It all works off-road too. There, hill start assist and decent control, plus a selection of pre-programmed off-road settings make driving feel like “you’ve got an expert onboard”. The torque will switch between driving wheels in “auto”, and will even put all torque just to the one wheel with grip if needed. You can choose to lock the diff with another button forcing full torque to both rear wheels even if one is off the ground. I hasten to add we did no off-roading in the Everest but have done it before in a Ranger.
It’s delicious. Everest drives like an SUV rather than a car, but all serious off-roaders do. Most of the SUVs on the road now, even the luxury ones, are nothing more than pumped up station wagons. They may have all-wheel-drive (AWD), but this is very far from pucker the mudding capability people think they’re getting. They don’t have hi and lo range or locking diffs and are often built on car platforms. They are simply not rugged enough to survive long in the wilds of the outback. Decades ago manufacturers realised most people don’t want to go bush bashing, and only a tiny percentage of owners do. Even fewer actually will take their pride and joy onto sand or into the ricks. Even proper four-wheel-drive (4WD) buyers probably won’t want to take a 300 grand Rangie where the Duco will be history before it gets into second gear. A second hand Lexus, Sahara, Range Rover or Infiniti make attractive propositions but for anyone wanting a new option, the Everest Titanium comes fully loaded.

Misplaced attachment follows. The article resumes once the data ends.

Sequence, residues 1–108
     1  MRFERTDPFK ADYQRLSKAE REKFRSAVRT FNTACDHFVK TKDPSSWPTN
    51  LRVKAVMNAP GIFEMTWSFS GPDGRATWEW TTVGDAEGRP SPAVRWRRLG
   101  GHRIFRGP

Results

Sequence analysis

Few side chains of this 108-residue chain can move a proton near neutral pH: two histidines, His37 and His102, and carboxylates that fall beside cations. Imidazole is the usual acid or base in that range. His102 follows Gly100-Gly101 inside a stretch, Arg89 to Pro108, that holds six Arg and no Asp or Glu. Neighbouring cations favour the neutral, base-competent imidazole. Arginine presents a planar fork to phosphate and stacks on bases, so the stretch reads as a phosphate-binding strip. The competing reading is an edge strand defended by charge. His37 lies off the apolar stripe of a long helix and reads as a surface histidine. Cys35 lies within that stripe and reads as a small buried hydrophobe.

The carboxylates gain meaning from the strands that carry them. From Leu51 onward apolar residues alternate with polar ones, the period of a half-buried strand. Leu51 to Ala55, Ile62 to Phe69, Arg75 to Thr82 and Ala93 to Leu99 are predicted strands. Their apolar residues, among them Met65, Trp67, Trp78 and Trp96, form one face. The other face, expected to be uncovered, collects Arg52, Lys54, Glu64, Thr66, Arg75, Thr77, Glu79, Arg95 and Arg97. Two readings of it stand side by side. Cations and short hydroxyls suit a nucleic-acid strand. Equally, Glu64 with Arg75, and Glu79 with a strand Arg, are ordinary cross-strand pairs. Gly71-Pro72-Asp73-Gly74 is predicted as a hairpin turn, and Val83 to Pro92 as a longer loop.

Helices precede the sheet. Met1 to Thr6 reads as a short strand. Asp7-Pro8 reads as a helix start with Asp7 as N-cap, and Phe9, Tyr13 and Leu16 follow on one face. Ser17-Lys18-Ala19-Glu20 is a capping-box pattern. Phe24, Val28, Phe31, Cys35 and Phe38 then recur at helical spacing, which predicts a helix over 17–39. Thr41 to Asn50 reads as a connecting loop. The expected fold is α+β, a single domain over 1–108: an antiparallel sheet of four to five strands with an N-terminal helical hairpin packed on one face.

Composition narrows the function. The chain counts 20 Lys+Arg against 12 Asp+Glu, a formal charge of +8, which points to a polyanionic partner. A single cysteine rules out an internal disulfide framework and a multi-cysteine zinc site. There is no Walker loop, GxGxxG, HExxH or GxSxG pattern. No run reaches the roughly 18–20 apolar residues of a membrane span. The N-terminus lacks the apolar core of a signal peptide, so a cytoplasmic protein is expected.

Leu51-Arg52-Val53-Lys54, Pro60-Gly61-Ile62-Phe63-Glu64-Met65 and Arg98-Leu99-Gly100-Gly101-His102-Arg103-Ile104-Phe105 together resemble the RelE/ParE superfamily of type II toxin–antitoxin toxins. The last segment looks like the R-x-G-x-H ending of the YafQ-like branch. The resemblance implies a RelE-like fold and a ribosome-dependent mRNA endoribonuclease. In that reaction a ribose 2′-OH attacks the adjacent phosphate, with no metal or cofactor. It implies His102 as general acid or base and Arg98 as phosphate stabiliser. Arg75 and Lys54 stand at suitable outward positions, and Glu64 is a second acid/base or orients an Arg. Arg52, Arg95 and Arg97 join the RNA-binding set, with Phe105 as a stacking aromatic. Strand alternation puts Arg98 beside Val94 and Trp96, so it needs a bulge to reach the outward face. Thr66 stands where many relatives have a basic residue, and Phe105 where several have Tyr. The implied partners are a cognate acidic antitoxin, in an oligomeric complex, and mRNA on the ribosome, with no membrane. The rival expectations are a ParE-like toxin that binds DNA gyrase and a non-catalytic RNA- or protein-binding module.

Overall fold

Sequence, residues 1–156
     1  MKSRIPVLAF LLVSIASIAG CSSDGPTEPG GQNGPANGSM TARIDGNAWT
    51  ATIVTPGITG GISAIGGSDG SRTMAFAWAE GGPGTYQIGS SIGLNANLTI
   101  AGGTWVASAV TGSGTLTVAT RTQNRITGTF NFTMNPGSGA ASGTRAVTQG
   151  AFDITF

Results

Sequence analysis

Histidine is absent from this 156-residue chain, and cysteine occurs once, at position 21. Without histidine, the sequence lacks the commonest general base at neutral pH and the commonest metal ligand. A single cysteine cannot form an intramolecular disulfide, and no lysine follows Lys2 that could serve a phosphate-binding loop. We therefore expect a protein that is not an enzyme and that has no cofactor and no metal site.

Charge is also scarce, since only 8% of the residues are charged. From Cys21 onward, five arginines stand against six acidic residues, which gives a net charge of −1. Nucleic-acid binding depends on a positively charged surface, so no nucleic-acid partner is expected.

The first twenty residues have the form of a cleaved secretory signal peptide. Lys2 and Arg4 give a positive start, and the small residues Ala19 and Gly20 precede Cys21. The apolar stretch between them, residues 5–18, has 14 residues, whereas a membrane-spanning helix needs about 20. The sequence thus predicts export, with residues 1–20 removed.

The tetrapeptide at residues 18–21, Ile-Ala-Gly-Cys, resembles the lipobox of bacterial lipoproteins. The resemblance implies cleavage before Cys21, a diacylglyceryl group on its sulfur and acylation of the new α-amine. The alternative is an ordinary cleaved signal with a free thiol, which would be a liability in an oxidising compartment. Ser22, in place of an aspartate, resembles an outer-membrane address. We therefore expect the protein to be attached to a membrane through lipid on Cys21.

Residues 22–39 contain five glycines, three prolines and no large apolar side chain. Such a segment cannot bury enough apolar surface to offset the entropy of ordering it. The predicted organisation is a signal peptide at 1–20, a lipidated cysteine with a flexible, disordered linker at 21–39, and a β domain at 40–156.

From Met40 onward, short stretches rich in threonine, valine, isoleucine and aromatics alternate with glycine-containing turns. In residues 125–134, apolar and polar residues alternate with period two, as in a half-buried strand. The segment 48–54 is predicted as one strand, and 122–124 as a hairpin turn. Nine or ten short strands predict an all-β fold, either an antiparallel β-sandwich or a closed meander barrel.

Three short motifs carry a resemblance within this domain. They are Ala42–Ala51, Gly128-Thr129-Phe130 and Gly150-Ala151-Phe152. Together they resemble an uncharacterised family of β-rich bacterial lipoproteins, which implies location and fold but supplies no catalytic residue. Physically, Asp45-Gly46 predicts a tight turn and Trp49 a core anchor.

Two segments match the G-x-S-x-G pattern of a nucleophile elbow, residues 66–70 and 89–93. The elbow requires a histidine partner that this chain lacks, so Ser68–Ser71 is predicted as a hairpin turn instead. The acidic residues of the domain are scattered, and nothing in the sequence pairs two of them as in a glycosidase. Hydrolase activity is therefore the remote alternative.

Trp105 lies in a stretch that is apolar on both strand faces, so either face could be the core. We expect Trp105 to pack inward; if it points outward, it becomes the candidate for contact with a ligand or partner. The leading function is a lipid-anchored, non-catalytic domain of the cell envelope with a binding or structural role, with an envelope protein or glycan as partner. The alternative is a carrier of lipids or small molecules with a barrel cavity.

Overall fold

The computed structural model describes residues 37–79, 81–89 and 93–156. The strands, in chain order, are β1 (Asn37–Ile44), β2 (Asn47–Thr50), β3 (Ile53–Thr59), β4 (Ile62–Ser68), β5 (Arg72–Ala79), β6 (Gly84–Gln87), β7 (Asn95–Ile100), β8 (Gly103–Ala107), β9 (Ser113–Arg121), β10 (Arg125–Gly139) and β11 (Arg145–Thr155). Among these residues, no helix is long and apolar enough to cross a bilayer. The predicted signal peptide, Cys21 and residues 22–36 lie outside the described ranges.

If there is one fault, it might be the 6 speed auto where I’d hope for an 8 speed. Although the auto is smooth, the engine would be even more economical especially at cruising speed with those few extra cogs. I liked it a lot as did my co-driver who is an ex-army truck driver. Would I buy one? To my surprise, yes.
What I like: Sync III, lots of tech, great to drive
What I don’t: Some cheap plastics, pricey, I bang my head when getting in
Model: Ford Everest Titanium
Model Price: $74,701
Engine: 3.2L Turbo Diesel
Drivetrain: 4WD 6-speed auto
Power: 143kW @ 3000rpm
Torque: 470Nm @ 1750rpm – 2500rpm
Safety: 5 Star ANCAP
CO2 Emissions: 224 g/km
Economy: 8.5 L/100km (ADR comb)
Tow Rating: Max 3000 kg
Tow Ball Rating: 100 kg
Servicing: 15,000 with loan car
Warranty: 3yr/ 100,000 km
Overall OzRoamer Rating 83/100
Behind the Wheel 8
Ride and Handling 8.5
Fit for Purpose 9
Towing Ability 9
Off Road Ability 8.5
Value for Money 7.5